Ching Li Lee, Jamilah Abd Jamil, Jia Tian Chang, Kar Xsin Yap, Hsin Yuen Yap & Wei Jin Khoo
Introduction: The ability to self-regulate eating can improve health. This study aimed to determine the relationship between eating self-regulatory skills, diet quantity, and diet quality among Malaysian university students.
Methods: This cross-sectional study involved 132 university students. Eating self-regulatory skill was assessed using the Self-Regulation of Eating Behaviour Questionnaire (SREBQ). Dietary intakes from two 24-hour dietary recalls were used to assess diet quantity and quality. Diet quantity was measured as energy and macronutrient intakes, analysed using NutritionistPro. Diet quality was measured using the Malaysian Healthy Eating Index (M-HEI). The relationship between eating self-regulatory skills, diet quantity, and diet quality were evaluated using tests for differences between means and multiple linear regression.
Results: Male participants (n=47) consumed more energy than female participants (n=85) (Male: 1850±570 kcal/day, Female: 1596±567 kcal/day, p=0.015). Participants from the Nutrition and Dietetics (N&D) course (n=49) had better M-HEI scores than participants from other health courses (n=83) (N&D course: 52.7±10.5, non-N&D course: 47.2±10.7, p=0.005). The predictors of energy intake were gender (β=-0.193, p=0.023) and SREBQ score (β=- 0.223, p=0.009). Being female and having higher eating self-regulatory skills were associated with lower energy intake. The predictors of diet quality were university course (β=0.240, p=0.005) and SREBQ score (β=0.181, p=0.033). Studying N&D and having higher eating self-regulatory skills were associated with higher M-HEI scores.
Conclusion: Higher self-regulation of eating behaviour score is a factor that contributes to lower daily energy intake and higher diet quality score.
Key words: diet quality, diet quantity, self-regulation, university students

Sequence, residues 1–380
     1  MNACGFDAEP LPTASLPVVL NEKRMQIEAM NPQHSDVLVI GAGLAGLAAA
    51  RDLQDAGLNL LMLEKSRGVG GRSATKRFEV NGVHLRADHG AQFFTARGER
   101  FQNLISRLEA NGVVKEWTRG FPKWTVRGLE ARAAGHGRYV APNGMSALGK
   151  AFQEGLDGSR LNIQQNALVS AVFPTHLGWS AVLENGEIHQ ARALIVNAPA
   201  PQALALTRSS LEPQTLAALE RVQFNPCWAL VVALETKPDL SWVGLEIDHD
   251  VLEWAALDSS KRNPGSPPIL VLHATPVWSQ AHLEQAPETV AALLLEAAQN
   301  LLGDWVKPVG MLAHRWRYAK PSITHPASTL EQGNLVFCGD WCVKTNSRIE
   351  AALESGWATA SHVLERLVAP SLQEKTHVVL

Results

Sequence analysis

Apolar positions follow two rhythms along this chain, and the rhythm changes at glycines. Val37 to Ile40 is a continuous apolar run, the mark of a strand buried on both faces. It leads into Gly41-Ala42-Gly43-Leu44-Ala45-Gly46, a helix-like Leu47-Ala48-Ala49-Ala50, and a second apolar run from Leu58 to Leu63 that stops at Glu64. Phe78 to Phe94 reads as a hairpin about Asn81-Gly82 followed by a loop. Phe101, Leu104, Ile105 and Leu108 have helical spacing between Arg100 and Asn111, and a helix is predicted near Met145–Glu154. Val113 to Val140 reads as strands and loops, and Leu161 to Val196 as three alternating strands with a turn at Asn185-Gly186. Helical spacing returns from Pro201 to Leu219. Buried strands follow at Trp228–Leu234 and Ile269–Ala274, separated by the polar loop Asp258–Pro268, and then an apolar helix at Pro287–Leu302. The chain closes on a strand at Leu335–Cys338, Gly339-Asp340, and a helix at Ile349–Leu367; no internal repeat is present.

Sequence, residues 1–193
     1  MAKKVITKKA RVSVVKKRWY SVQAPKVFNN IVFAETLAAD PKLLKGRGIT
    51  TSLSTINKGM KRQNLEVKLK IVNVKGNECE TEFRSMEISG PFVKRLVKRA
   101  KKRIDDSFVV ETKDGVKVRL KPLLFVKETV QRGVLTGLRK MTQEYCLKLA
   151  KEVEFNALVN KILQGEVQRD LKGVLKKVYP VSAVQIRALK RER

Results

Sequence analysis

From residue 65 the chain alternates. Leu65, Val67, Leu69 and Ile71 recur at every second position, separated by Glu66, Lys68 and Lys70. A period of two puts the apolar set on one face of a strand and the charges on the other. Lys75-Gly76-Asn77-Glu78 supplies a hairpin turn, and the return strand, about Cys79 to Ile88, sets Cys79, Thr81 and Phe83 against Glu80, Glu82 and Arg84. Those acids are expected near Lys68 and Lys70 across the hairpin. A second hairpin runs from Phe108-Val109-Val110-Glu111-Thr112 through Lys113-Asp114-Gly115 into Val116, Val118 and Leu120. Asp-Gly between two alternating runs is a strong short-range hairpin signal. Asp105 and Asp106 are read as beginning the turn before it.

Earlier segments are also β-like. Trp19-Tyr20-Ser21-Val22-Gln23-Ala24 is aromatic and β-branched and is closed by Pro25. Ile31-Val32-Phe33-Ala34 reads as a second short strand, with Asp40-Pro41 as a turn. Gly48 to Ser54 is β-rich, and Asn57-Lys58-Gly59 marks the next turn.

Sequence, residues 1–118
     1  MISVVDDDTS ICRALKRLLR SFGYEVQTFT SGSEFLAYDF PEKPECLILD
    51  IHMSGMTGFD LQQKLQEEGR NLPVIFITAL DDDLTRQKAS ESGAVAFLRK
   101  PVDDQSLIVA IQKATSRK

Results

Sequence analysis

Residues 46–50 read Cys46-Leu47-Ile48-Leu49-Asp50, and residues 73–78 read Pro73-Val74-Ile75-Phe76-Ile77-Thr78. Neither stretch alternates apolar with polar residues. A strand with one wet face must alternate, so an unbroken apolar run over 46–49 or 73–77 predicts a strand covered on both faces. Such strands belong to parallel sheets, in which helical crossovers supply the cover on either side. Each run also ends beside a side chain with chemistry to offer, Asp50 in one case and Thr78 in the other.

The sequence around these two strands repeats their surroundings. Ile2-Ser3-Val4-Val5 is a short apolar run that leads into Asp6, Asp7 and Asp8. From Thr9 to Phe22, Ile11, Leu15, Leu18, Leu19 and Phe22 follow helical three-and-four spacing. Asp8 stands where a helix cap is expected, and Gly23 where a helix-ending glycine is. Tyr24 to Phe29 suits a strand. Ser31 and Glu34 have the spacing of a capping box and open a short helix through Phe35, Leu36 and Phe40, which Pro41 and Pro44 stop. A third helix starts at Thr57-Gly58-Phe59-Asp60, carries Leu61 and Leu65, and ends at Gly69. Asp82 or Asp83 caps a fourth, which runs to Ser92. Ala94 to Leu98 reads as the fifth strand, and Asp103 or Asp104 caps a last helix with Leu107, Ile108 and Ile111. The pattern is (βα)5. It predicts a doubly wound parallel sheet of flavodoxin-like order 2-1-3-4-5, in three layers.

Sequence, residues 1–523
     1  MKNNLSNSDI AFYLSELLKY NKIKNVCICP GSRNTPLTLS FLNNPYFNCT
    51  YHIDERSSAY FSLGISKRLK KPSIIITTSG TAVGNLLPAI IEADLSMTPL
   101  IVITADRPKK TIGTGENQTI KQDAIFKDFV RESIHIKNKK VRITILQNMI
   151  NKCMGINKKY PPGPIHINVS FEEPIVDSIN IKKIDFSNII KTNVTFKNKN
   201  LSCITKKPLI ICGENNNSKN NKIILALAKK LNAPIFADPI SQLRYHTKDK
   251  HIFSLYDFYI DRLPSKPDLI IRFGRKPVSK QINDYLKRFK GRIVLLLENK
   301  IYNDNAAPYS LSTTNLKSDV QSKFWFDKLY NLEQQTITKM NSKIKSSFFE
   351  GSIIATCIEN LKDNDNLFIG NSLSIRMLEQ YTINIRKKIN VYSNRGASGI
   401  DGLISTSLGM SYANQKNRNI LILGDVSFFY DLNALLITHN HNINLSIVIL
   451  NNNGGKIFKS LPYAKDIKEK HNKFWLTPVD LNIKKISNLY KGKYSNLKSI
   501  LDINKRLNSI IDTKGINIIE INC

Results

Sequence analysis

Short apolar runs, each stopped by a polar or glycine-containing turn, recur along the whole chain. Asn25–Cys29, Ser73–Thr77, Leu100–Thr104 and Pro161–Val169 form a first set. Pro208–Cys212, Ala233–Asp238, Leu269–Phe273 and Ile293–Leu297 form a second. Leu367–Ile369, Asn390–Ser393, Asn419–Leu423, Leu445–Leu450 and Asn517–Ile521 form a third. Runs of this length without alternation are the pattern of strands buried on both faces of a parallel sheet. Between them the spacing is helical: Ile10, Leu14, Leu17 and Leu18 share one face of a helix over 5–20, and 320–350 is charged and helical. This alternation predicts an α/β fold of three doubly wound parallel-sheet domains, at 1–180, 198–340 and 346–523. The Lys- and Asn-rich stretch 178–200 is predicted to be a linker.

Associations between body mass index and physical
activity level with mindful eating behaviour among
undergraduate medical students of Universiti Sains
Nurul Zulaikha Talib, Shu Qing Ang, Juliana Shamsudin & Zafirah Mohd Nor
Introduction: Mindful eating is being fully present in the moment of eating and it is critical in preventing poor eating habits. The main objective for this study was to determine the associations of body mass index (BMI) and physical activity level with mindful eating behaviour among undergraduate medical students of Universiti Sains Malaysia (USM), Health Campus, Kubang Kerian, Kelantan.
Methods: A cross-sectional study was conducted among 158 students (Years 1-5; 69% females and 31% males) by using a self-administered online questionnaire consisting of socio-demographic data, anthropometric data, short version of the International Physical Activity Questionnaire (IPAQ), and Mindful Eating Questionnaire (MEQ). The associations between BMI and physical activity with MEQ were determined by Spearman’s Correlation and One-Way ANOVA or Kruskal-Wallis Test, respectively.
Results: Majority of the students had normal BMI (66.4%, n=105), and 39.9% (n=63) had low physical activity levels. The mean MEQ summary score of the students was considered high (2.82±0.26). There was a significant negative association between MEQ summary score (r=-0.191; p=0.016) and disinhibition subscale score (r=-0.340; p<0.001) with BMI, whereby MEQ summary and disinhibition subscale scores increased as BMI decreased. However, there was no significant association between physical activity level with MEQ score (p>0.05).
Conclusion: A student with positive mindful eating behaviour has the potential to lower his/her BMI. However, further research is required to verify this finding.
Key words: body mass index (BMI), medical students, mindful eating behaviour, physical activity